1. First gather the selvage edge of the trim. Gather with the 3 seam method, or use your Bernina Ruffler Foot. For this one, the Ruffler foot was used with a 3mm-3.3 mm stitch legnth and the Ruffler set to ruffle at every stitch.

2. Next cut your yoke pieces out of the desired fabric.

3. Now sew left side seam of yoke... Attaching front yoke to back yoke.
Repeat this for yoke lining.

4. Pin yoke and trim right sides together at raw edges of skirt. Sew this seam at 2.2mm stitch legnth and be sure to backstitch at the beginning and end of the seam.

5. Next attach the invisible zipper using the 2 seam method with BERNINA Presser Foot #35.

6. Pin yoke lining right sides together at outer yo Sew. 7. Press seam opss seam open and then press lining to the back.

8. Handstitch yoke lining at zipper and voila!

A beautiful boutique skirt / pettiskirt valued at $300+, at a fract price... Plus yours is custom! custom!

Post pics of your garden pettiskirts to and recieve a free TheTailorsDaughter tote! *

Wednesday, March 20, 2013

Marilyn Bag

This is the Amy Butler Swing bag pattern, which is one of my favorite bags to make! Actually i have made so many of these i needed to spice it up a little bit.

Im a sucker for a bow, and contrasting prints and polka dots... So i decided to make this a tribute bag to one of my favorite icons in this feminine combo of pink and gray.

The supplies needed for this bag include a cotton twill (home dec weight). I think this is a nice trick to adding weight and stability to the bag so that it isnt so flimsy. It also prevents warping when it is washed. This is a great solution, but is not mandatory. You could also use firm interfacing, or nothing at all. Whatever you decide to use will dtermine the feel and weight of the bag.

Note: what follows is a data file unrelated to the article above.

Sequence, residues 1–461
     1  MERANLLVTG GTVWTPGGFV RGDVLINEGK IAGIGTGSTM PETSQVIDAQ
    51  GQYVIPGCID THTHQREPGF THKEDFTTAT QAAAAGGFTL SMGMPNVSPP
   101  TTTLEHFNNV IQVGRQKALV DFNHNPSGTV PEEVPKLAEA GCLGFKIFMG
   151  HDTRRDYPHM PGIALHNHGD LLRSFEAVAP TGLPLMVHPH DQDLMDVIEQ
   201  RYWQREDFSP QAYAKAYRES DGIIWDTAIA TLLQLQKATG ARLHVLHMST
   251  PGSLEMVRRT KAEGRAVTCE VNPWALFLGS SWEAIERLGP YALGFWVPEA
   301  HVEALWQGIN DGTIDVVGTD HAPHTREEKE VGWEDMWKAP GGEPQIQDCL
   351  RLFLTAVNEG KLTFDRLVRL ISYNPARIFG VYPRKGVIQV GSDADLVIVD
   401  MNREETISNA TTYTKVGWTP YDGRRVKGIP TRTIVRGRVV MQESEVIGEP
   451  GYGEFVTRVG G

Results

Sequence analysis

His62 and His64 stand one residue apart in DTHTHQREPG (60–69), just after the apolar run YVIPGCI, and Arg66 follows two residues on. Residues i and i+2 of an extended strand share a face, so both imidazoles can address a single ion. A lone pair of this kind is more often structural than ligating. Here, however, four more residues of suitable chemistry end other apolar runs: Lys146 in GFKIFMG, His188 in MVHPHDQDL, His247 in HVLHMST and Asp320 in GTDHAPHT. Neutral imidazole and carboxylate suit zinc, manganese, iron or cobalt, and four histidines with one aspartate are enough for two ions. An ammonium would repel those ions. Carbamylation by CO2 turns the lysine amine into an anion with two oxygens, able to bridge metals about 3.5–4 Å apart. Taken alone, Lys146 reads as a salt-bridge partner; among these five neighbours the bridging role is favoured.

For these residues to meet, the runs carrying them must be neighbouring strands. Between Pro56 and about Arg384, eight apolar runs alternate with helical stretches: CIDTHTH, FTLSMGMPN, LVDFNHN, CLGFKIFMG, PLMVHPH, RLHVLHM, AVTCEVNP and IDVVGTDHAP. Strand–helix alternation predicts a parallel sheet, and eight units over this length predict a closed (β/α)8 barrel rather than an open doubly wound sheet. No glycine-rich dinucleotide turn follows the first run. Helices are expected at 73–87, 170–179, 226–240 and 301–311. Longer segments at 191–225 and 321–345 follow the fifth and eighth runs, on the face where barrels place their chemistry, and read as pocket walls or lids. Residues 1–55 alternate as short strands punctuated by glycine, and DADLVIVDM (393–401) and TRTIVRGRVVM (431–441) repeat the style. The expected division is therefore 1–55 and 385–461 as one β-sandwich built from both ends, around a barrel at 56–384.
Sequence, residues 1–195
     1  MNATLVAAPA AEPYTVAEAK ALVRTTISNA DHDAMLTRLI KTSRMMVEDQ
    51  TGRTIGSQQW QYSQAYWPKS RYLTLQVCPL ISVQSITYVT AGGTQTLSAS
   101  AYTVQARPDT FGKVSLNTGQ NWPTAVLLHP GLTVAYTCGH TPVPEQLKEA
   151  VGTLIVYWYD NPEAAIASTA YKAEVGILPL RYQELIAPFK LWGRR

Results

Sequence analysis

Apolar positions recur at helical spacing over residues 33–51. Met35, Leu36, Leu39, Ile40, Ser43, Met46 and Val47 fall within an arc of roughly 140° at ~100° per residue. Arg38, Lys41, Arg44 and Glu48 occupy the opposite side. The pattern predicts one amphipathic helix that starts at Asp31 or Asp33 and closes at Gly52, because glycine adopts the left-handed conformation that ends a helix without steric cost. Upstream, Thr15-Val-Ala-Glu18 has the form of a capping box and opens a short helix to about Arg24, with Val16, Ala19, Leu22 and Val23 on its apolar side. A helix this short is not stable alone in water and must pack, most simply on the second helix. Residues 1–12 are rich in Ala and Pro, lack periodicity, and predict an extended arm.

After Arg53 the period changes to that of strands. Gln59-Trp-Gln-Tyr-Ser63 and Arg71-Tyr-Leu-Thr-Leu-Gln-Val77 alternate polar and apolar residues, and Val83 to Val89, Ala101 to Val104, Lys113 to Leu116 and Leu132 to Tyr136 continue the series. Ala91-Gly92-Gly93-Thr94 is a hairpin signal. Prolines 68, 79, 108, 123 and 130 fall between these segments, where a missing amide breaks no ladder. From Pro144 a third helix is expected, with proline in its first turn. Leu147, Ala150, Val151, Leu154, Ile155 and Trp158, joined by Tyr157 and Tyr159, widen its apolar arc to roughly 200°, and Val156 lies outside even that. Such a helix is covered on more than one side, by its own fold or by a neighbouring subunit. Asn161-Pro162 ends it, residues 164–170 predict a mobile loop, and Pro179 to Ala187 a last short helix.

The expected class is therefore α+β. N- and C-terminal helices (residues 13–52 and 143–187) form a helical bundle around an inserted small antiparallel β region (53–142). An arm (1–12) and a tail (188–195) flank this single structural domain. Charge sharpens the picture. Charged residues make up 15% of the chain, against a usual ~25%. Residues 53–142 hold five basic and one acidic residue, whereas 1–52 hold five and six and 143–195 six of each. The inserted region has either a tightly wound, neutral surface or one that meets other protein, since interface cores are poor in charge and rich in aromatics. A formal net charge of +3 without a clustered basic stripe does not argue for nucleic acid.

I recommend trying all styles for bags while you are practicing this pattern. After all they make fabulous gifts!


This was a photo I found of her that i manually digitized in my Bernina Version 6 design software. This digitizing software is the best, in my opinion because it takes the mystery out of vector drawings and is so easy to edit one stitch at a time. Im so please with the way it turned out!
This project has opened a world of creativity to me... In thinking of embroidery as much more than a canned design.

Nobody else will have a bag like this! How super exclusive of me... I love it!
I think i need Audrey next...

Wednesday, March 13, 2013

Strawberry Bacon Mixed Greens

I am so excited to share this new recipe! I call it the Craving Rx... Because it satisfies any craving I have! It is a balanced meal with fruits, veggies, healthy fats, protien, dairy and antioxidents.

- 2 cp. organic mixed greens
- 1/2 sliced cucumber